Tuesday, April 16, 2013

Coal Seam Gas fugitive emissions monitoring to be tightened

Updated: 17 April, 2013.
The Minister for Climate Change, Greg Combet today unveiled proposals for better monitoring of emissions from coal seam gas (CSG) production. A discussion paper sets out proposals to introduce new CSG-specific measurement and estimation methods into Australia’s greenhouse gas reporting framework.

This comes at a time of rising widespread concern on fugitive CSG emissions of methane released during CSG extraction and production. Methane over short time periods of 20 years is 100 times more powerful than carbon dioxide as a greenhouse gas contributing to climate change, while for longer time periods it is about 21 times as powerful.


Companies have developed gas fields in Queensland without doing baseline studies, making it difficult to substantiate claims of increased diffuse emissions caused by fracking operations. Local residents near gas fields report contaminated water in bores and a number of health issues and symptoms.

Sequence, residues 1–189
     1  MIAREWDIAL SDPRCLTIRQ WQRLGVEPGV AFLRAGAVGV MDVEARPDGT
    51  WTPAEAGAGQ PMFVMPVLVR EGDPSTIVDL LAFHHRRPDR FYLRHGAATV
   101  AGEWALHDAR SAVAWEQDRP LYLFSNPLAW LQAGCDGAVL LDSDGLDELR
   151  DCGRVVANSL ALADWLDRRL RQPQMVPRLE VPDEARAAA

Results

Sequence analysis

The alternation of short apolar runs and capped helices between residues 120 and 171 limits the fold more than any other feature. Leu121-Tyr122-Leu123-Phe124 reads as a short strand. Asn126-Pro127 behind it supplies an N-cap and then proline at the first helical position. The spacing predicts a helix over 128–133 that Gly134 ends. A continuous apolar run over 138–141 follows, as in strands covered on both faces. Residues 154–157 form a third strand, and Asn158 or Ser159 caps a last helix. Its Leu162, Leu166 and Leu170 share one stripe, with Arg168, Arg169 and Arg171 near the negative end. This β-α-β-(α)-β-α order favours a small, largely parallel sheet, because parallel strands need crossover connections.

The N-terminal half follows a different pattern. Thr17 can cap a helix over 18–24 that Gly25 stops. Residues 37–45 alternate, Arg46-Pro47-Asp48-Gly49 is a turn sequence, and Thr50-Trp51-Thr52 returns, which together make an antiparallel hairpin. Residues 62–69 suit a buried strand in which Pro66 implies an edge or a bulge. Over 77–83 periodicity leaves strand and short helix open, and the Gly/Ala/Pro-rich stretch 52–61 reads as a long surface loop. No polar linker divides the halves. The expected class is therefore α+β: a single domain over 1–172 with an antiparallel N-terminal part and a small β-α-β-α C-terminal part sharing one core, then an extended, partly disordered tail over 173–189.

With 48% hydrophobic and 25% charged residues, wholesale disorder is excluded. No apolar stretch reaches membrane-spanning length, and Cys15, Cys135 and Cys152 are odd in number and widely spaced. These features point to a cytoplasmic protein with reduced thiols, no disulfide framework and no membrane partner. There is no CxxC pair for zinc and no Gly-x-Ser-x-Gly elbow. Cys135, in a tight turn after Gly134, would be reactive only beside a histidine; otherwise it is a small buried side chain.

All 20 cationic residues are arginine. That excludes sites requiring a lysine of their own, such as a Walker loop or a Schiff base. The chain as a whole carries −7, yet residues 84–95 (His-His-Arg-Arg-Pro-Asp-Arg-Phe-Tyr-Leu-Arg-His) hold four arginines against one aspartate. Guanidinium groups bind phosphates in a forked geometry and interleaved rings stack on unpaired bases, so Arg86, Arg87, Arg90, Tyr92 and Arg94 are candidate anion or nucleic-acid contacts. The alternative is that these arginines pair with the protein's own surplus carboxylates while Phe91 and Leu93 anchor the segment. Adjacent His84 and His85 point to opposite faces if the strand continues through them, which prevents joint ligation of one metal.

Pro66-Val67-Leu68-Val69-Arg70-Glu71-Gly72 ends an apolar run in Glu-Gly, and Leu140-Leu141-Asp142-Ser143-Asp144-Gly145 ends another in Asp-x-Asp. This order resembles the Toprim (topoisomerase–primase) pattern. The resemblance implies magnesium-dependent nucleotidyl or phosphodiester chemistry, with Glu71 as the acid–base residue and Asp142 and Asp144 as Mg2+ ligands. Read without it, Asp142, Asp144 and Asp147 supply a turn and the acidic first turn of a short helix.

The Lock the Gate Alliance, which has brought together farmers and environmental activists, has campaigned hard on the impacts of CSG. Strong civil disobedience blockades against coal seam gas exploration in the Northern Rivers region early in 2013 at Glenugie and Doubtful Creek, forced Metgasco to withdraw from all exploration work.

For background read RealClimate on Fracking methane (April 2011) | Four Corners - Gas Leak! (April 2013)

The proposals in the discussion paper include making it mandatory for CSG facilities using hydraulic fracturing (“fracking”) technology to use direct measurement rather than paper calculations for vented fugitive emissions from well completions and workovers.

It is proposed the new direct measurement methods would be available from 1 July 2013. They would become mandatory for facilities using fracking from 1 July 2015.

The discussion paper foreshadows further changes to emissions estimation methods, including:

  • Developing Australian-specific emissions factors for CSG well casings and leaks from production and from processing facilities, using data from the joint DIICCSRTE-CSIRO research project;
  • Conducting research into methods for estimating “diffuse” CSG emissions beyond gas wellheads;
  • Developing a new method for estimating emissions from decommissioned CSG wells.
Refinement of emissions monitoring follows upgrading in 2011 of EPA standards on fracking introduced in the United Sates. Dr Samantha Hepburn, an Associate Professor in the School of Law at Deakin University and an expert on coal seam gas regulation, explained that the primary motivation for these changes is the scientific evidence from the United States suggesting that the hydro-fracturing process employed in mining is likely to generate more emissions than conventional gas methods: